But for Rachana, a 22-year-old business consultant in San Francisco, a strong relationship with a sister is much more interesting. “Because a mother materially provides for you and especially can dote on a son, loving your mother doesn’t necessarily mean you respect or see women outside of their utility to you,” she explains. “Whereas a sister is a companion — someone to make you laugh, play with and share things with who doesn’t clean up after you, cook for you or give you an allowance.” 

She also thinks a close relationship with a sister potentially gives a man a better understanding of women’s bodies, minds and experiences. “They’re more likely to have knowledge about periods, the rituals of getting ready, pop culture and so on,” she continues. “Maybe he’s helped a sister through a breakup or a job rejection, and seen women sick, sad and angry — that full humanity up close can translate to a better, more communicative and empathetic partner who is less likely to see you as the maid or mother he gets to bang.”

People with marginalized identities often look for green flags that relate to those aspects of their personhood in particular. Maya, a 28-year-old writer in L.A., says that as a black woman who sometimes dates non-black men, she wants to avoid guys who exoticize blackness and “who think that black women are almost like another species that needs to be interacted with in a different way.” One specific green flag she’s picked up on in this regard is when men have played basketball all their lives. “Guys who play basketball I’m assuming hang out with more black people, which means they aren’t weirded out by blackness and don’t see it as ‘exotic,’” she explains. “Every time I hear a guy say that, it’s truly like a sigh of relief.”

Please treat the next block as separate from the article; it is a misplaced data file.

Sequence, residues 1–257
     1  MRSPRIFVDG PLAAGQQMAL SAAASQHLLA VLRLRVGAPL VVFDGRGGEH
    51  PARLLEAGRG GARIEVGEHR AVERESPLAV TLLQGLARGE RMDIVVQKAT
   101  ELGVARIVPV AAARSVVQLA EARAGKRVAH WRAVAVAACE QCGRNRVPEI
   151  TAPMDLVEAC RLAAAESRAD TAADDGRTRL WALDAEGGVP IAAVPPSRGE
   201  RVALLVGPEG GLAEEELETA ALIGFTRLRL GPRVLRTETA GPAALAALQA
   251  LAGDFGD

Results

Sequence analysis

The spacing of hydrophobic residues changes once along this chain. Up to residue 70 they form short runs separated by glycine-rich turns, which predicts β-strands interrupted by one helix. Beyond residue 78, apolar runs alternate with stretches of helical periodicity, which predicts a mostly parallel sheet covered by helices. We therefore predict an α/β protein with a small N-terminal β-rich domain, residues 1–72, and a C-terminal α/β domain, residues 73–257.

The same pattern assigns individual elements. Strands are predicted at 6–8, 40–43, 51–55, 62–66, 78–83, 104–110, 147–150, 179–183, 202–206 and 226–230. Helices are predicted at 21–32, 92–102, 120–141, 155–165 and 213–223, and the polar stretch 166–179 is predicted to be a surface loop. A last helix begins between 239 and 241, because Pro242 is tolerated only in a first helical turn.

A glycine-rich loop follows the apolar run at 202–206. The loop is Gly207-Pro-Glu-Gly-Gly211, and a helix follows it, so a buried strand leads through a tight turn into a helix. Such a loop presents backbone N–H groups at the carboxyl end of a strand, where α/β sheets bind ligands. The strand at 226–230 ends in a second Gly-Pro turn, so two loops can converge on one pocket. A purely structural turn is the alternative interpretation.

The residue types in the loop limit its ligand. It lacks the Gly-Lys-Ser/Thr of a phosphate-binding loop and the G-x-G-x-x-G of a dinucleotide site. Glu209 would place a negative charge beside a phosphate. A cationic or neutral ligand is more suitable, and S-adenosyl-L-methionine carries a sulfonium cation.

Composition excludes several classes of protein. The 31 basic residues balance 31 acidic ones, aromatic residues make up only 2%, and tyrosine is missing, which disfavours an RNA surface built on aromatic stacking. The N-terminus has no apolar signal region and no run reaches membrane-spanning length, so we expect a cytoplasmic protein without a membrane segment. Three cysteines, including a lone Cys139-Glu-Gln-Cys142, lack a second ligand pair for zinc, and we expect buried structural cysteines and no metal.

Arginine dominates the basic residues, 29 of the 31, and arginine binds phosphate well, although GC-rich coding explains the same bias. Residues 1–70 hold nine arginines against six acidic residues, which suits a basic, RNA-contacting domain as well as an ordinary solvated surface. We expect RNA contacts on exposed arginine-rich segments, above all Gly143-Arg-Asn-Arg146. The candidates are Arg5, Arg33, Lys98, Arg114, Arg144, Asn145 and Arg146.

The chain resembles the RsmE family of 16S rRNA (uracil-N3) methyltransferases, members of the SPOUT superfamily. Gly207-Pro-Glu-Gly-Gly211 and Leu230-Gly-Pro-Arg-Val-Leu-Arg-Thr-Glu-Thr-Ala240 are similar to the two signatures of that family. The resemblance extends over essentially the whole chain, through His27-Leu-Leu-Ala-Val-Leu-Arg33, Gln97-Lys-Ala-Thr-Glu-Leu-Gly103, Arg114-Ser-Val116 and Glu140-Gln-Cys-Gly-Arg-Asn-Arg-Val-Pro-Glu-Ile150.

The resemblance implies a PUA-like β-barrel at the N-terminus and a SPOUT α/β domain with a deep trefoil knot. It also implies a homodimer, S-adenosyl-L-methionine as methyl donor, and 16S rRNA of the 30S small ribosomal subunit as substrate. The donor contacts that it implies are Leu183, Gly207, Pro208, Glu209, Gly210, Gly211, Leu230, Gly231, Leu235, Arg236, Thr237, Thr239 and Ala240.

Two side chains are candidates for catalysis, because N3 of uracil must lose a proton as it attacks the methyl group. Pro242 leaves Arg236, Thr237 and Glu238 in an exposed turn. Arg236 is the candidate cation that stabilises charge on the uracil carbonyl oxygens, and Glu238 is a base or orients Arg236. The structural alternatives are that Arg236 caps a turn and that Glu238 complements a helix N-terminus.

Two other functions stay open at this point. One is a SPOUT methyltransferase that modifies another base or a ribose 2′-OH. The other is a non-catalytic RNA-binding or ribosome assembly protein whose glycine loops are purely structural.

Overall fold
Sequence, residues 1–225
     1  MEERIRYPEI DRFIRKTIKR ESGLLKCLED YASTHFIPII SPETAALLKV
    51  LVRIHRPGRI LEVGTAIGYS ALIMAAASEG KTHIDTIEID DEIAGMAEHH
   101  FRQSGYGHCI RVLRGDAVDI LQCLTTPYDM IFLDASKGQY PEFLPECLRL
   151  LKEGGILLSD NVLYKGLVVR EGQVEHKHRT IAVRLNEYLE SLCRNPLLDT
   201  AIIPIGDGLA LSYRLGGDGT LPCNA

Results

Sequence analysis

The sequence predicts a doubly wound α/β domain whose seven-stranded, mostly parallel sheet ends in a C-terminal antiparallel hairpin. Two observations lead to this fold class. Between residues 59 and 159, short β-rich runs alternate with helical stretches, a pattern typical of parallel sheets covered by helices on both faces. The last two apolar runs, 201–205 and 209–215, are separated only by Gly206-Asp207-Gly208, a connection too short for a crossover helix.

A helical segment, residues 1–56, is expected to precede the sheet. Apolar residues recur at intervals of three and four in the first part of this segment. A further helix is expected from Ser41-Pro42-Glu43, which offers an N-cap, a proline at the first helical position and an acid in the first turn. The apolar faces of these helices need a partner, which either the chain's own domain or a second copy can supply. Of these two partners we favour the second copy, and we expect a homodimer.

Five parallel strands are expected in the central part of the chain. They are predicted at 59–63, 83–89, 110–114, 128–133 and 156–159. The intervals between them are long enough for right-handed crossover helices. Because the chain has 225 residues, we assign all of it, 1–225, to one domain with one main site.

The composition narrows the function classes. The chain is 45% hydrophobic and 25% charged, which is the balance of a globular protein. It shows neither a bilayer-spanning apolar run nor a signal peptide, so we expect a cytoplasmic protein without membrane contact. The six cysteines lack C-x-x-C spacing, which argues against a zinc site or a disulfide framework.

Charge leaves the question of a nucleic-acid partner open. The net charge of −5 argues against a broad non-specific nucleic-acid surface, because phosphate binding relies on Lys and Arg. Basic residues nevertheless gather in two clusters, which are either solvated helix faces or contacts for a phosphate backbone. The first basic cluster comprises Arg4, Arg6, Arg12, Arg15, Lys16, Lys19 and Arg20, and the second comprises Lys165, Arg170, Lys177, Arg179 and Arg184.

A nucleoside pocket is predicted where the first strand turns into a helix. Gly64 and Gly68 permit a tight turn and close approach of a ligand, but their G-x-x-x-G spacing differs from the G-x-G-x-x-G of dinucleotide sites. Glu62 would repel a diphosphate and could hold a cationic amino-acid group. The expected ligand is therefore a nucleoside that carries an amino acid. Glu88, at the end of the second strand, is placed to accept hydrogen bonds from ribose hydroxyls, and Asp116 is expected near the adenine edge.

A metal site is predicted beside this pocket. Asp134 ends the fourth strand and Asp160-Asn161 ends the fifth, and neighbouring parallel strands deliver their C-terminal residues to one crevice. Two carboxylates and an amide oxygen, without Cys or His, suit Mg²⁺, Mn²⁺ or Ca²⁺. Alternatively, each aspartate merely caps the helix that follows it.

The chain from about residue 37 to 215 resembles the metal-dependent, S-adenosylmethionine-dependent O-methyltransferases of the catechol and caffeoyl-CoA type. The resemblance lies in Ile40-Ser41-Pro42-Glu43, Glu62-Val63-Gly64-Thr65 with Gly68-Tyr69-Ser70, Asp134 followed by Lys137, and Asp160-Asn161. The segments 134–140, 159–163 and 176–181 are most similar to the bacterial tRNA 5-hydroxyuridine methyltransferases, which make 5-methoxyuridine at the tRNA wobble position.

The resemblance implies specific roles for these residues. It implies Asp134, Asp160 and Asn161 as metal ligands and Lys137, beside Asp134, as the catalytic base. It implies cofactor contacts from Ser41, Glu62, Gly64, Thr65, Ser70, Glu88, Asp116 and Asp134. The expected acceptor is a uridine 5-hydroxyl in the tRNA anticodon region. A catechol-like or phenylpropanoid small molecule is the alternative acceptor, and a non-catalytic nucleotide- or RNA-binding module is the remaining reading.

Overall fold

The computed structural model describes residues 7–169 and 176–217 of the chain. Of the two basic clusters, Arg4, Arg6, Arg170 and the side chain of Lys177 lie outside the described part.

Meanwhile, Tim, a 28-year-old trans man in Chicago, says that if he sees a man identify as “cis” in his online profile or dating app bio, that’s a big green flag for him. “Since the concept of ‘cisgender’ is still making its way into general usage, when somebody uses it to describe themselves, it signals to me that they have an above-average knowledge of trans issues,” he explains. “This means that if I decide to disclose that I’m trans to them, they won’t just be drawing from stereotypes about trans people and are likely to already have trans people in their lives. Plus, transphobes generally bristle at the cis descriptor, period.” 

Others mention green flags that are almost comically specific. “It’s somehow a green flag to me when a guy played The Sims as a kid,” says Josh, a 28-year-old public servant from New Zealand. “I guess it’s something about a tendency toward care, cultivation and the domestic. The game also requires effort and persistence throughout the monotony, which I think are good character traits.” He adds, too, “There’s the quietly creative angle of house construction and decoration, which requires or helps develop an aesthetic appreciation.” 

But men who played wholesome video games as children shouldn’t rest on their laurels, because most green flags are much more general indicators of basic decency, like tipping generously, caring for sick relatives and respecting the humanity of marginalized people. “It’s a green flag for me when a guy shows respect to women he’s not attracted to,” says Jade, a 29-year-old artist based in Berlin. “I know it’s an extremely low bar, but you’d be surprised how many men don’t clear it.”